MacBook Pro 2015 can also support up to two 3840x2160 external displays over Thunderbolt — 5120 x 2880 resolution at 60Hz on a single external display for the highest-end MacBook Pro with AMD Radeon R9 M370X graphics. They can also support 1920x1080 at up to 60Hz, 3840x2160 at 30Hz, or 4096x2160 at 24Hz.

MacBook Pro 2016 can support up to one 5120x2880 (5K) display for the 13-inch model, and up to two 5120x2880 (5K) displays for the 15-inch model.

  • If you want to drive multiple external displays, you want a MacBook Pro.
  • If you want to drive multiple 5K external displays, you want a 15-inch MacBook Pro.

Web cam

Apple's laptops have built-in web cameras called FaceTime, after Apple's app of the same name. They let you take selfies, engage in video calls, and even scan codes.

MacBook has a 480p iSight camera. It's... not great.

MacBook Air and MacBook Pro have 720p cameras.

None of them have 1080p cameras.

Processors

The central processing unit (CPU) is what drives the computer. The smaller and more power-efficient the processor, the less it can do but the quieter it is and the longer it can do it for. The bigger and more powerful, the fan noise kicks in, but so does the pure speed. You can also have more processor cores. That means you can do more things at once.

MacBook uses Intel Core m processors, currently of the Skylake generation. They're not as powerful as the Core i5 or i7 processors in the MacBook Air or MacBook Pro, but they also don't require a fan, which means MacBook is always whisper quiet. You can get the anemic 1.1GHz Core m3, the better 1.2GHz Core m5, or the even better 1.3GHz Core m7, all with 4MB L3 cache.

MacBook Air uses Intel Core processors, currently of the previous Broadwell generation. They start with 1.6GHz dual-core Intel Core i5 with 3MB shared L3 cache and go up to 2.2GHz dual-core Intel Core i7 with 4MB shared L3 cache.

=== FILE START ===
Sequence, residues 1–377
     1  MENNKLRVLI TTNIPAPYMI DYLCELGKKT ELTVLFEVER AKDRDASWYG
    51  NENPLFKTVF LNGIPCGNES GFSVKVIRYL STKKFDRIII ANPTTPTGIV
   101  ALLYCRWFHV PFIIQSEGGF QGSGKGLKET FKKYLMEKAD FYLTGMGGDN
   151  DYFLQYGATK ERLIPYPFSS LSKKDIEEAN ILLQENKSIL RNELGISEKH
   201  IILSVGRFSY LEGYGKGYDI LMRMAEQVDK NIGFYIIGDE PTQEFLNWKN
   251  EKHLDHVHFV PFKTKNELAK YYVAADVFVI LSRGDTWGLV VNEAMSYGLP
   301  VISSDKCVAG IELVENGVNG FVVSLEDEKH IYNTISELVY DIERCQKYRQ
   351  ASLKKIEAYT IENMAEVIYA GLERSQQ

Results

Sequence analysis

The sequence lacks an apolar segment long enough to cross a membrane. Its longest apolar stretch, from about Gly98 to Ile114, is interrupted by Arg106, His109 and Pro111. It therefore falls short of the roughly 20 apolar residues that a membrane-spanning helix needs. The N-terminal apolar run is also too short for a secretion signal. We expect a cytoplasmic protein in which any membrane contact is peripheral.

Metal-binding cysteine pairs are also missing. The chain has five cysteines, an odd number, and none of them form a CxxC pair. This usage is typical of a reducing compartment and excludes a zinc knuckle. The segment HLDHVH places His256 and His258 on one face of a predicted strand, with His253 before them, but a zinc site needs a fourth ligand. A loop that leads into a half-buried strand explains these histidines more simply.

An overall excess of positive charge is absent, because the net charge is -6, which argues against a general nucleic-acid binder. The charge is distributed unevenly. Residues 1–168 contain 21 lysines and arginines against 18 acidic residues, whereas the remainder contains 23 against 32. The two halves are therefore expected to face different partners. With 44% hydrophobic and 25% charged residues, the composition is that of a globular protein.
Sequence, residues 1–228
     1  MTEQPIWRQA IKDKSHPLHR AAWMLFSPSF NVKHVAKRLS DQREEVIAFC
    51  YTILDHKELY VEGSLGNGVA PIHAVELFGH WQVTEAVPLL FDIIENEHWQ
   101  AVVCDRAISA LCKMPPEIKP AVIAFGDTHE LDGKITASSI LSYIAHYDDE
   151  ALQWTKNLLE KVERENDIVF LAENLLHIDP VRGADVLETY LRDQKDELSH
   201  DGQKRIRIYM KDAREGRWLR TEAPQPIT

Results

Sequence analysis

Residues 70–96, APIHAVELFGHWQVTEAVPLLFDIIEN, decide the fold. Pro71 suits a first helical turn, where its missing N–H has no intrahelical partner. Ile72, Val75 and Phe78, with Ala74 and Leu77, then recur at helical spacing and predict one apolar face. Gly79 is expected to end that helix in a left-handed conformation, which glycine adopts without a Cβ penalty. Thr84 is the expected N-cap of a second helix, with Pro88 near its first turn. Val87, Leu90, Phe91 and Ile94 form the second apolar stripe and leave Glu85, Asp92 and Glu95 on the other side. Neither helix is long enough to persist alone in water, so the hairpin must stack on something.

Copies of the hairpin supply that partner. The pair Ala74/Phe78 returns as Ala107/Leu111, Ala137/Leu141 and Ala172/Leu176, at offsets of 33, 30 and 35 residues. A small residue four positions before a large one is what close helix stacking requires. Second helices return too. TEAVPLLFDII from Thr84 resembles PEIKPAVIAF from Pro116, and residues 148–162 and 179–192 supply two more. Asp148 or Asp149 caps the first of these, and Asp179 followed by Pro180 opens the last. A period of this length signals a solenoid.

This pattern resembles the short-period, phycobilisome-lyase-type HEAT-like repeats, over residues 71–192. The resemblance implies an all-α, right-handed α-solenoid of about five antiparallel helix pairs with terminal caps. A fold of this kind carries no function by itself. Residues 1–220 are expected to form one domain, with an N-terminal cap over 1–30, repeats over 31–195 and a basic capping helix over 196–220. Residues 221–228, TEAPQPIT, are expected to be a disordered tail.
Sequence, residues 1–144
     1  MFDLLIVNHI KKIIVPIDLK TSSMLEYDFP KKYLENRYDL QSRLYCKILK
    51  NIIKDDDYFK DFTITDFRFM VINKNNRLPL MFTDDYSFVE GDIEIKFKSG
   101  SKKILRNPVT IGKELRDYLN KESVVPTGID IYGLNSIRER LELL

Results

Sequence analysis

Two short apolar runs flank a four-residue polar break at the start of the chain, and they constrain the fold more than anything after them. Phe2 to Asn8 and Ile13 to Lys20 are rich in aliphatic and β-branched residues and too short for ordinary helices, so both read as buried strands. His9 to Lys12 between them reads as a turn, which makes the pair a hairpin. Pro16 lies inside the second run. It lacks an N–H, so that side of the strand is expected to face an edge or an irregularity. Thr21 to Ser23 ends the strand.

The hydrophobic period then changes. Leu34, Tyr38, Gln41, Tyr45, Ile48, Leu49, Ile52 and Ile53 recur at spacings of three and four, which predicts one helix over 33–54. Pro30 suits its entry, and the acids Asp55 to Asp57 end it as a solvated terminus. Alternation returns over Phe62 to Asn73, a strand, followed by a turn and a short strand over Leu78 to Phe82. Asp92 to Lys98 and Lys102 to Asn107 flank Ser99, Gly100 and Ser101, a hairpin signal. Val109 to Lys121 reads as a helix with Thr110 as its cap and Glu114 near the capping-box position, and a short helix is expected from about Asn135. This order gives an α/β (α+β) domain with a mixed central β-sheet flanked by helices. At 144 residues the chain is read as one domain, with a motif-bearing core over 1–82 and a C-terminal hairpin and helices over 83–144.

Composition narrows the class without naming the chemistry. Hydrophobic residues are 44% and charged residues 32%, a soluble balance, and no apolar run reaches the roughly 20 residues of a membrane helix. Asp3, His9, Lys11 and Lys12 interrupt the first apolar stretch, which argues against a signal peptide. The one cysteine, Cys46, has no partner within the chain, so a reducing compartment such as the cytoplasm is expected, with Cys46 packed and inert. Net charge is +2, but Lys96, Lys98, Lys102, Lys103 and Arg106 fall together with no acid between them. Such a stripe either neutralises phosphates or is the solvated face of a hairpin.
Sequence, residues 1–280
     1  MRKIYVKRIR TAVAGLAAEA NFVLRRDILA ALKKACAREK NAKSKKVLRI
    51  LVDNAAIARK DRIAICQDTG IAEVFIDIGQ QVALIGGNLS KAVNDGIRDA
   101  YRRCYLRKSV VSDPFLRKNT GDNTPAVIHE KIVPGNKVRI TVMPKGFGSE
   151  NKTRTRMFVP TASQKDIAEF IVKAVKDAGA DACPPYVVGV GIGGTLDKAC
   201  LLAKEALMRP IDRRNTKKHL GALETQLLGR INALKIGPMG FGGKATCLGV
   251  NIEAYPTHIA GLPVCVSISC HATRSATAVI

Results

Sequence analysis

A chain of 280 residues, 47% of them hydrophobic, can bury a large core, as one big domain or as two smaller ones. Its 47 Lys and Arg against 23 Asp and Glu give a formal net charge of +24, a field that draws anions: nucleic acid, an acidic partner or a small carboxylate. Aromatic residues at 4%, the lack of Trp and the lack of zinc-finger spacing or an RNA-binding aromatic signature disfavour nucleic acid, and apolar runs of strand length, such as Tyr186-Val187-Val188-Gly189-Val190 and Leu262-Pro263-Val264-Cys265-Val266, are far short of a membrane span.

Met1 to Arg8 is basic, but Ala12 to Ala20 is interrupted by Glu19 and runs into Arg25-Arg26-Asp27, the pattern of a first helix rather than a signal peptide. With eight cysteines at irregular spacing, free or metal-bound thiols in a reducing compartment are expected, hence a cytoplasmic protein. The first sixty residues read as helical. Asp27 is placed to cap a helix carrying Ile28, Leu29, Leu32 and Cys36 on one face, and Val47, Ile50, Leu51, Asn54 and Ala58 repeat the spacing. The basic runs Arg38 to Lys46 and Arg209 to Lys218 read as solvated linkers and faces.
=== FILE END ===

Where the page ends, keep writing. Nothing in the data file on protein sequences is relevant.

MacBook Pro 2015 has the current-generation Skylake processor for the 13-inch and the previous generation Broadwell processor for the 15-inch. The 13-inch starts with a 2.7GHz dual-core Intel Core i5 processor with 3MB shared L3 cache but goes up to 3.1GHz dual-core Intel Core i7 (Turbo Boost up to 3.4GHz) with 4MB shared L3 cache.The 15-inch starts with 2.2GHz quad-core Intel Core i7 processor with 6MB shared L3 cache but goes up to 2.8GHz quad-core Intel Core i7 with 6MB shared L3 cache.

MacBook Pro 2016 has current-generation Skylake processors for both the 13-inch and 15-inch models. The 13-inch model starts with a 2.0GHz dual-core Intel Core i5 or 2.4GHz dual-core Intel Core i7 processor for the version without the Touch Bar, and 2.9GHz or 3.1GHz dual-core Intel Core i5, or 3.3GHz dual-core Intel Core i7 processor for the version with Touch Bar. The 15-inch has options for a 2.6GHz, 2.7GHz, or 2.9GHz quad-core Intel Core i7 processor.

  • If you want a MacBook but still want decent performance, you need the m7.